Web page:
Skip to main content

Arise, Tarnished (again) - Elden Ring Shadow Of The Erdtree is out now

It's Erdtreelease day at last

A Tarnished decked out in hand-to-hand combat gear fights with Dryleaf Arts in Elden Ring: Shadow of the Erdtree.
Image credit: Rock Paper Shotgun/Bandai Namco

Elden Ring Shadow Of The Erdtree has finally been released on PC, adding a fat, rancid helping of open world role-playing to an open world RPG of already trouser-wetting, skirt-soiling scale and hazard. You can find this "first and last" Elden Ring DLC expansion on Steam, the Xbox Store and in the suppurating depths of your very worst nightmares. Am I overdoing it yet? No matter. Let's press on.

Perhaps you've never heard of Elden Ring's Erdtree DLC. Perhaps you've sauntered in here expecting a nice game about looking at antique rings while lying under some shady topiary. Come child, I'll soon birth thee anew. Shadow Of The Erdtree is a lategame Elden Ring add-on which rudely attaches a grotty new region, The Land Of Shadow, to the base game's festering Lands Between. Here you'll find a host of new weapons, enemies, bosses and stories concerning the fate of Miquella, a character who is of huge importance to the main Elden Ring storyline.

Once again: this is a lategame add-on, designed to sizzle the nerves and parboil the synapses of all but the most seasoned and well-equipped Tarnished adventurers, though it does at least have more or less the same system requirements as the main game. Our own recommended Elden Ring Shadow Of The Erdtree starting level is between 120-150, and you'll need to reach certain areas and defeat certain bosses before you can enter the Land of Shadow, though you don't need to finish the game. If you're a NG+ player in need of reorientation, we've also written a guide to the fastest way to reach Shadow Of The Erdtree - 24 steps, each more harrowing than the last. Speaking as a lapsed player who keeps meaning to get back into Elden Ring and failing, I am currently squatting on step 11.5 - "Sob uncontrollably on the bridge of Redmane Castle".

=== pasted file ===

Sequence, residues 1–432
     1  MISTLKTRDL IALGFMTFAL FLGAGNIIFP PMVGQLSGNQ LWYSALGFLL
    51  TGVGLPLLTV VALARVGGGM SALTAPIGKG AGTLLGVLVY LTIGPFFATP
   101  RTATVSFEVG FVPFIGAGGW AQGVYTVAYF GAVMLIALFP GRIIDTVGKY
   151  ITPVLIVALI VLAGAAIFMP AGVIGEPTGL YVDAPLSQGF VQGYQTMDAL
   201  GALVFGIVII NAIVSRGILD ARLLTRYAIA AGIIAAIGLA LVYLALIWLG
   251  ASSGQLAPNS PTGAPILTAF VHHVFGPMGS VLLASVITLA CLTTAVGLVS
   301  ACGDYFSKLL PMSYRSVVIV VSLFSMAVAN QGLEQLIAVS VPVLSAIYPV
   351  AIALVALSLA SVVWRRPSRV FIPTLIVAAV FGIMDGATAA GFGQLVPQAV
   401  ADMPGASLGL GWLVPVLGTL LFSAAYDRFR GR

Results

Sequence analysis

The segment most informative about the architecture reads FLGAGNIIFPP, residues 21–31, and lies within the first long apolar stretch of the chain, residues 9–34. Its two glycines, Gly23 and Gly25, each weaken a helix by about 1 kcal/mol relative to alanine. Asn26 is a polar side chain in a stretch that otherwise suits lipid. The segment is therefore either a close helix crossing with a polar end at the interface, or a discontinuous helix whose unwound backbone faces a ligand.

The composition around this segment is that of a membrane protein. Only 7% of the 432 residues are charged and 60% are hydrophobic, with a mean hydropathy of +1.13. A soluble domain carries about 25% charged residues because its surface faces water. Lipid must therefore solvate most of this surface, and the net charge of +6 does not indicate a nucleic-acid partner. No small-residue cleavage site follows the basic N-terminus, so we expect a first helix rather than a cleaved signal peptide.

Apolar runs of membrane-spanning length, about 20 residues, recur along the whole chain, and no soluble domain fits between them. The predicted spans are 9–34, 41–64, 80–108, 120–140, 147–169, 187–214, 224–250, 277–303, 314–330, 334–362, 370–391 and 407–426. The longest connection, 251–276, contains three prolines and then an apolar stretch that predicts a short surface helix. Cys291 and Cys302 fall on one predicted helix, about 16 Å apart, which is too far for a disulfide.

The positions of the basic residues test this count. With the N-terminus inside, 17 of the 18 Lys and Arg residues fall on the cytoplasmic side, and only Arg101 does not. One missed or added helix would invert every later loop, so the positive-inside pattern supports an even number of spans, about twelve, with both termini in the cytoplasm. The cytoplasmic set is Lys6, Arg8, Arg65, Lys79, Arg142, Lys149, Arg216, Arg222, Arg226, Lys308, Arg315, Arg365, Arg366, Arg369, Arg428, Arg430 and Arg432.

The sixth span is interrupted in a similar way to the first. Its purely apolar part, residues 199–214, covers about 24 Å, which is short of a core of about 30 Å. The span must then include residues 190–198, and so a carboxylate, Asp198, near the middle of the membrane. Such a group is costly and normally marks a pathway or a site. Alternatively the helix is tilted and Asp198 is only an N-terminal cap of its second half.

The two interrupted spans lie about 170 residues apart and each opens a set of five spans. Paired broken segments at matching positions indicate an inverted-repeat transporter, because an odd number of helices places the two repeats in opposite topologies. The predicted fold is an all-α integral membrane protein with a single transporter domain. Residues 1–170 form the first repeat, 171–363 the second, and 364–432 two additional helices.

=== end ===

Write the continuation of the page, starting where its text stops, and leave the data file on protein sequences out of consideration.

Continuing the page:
If you're already hip to all these Elden antics, you might be more interested in knowing whether Shadow Of The Erdtree is any good. I don't know for sure, but I know somebody who does: Ed Thorn, aka Starscourge Edders, who went to the trouble of publishing an Elden Ring Shadow Of The Erdtree review a few days ago. He was a bit ambivalent, actually, describing the expansion as a "pseudo-sequel" and praising its greater emphasis on crafty exploration, while sternly withholding the Bestest Best badge.

"The Land Of Shadow may not be as expansive as the base game's Lands Between, but it's knottier, denser, more of a twisting mass that burrows into the earth and soars into the skies," Ed wrote. "For this reason I think it produces some of Elden Ring's finest moments, as exploration leads to a truer sense of discovery reminiscent of old Souls. But I also think its sheer density exposes more chinks in its open world format, where its interconnected sprawl leads to even greater recollection paralysis." Recollection paralysis! I'm pretty sure that's what you get from Basilisks.

Now that Erdtree is out, the insatiable gamer brain promptly turns to what FromSoftware might work on next. President and Dark Souls series creator Hidetaka Miyazaki has already offered some wistful ruminations on the experience of fatherhood as an inspiration, if not a direct theme. Personally, I'd like to play a FromSoftware game that gets away from the "corrupted rulers in need of purgation" premise that has broadly defined FromSoftware's output since Demon's Souls. I'm not sure what I want, but I don't want to have to topple another ruined king. A man may tire of destroying or usurping a polluted cosmic order. How about you?

Read this next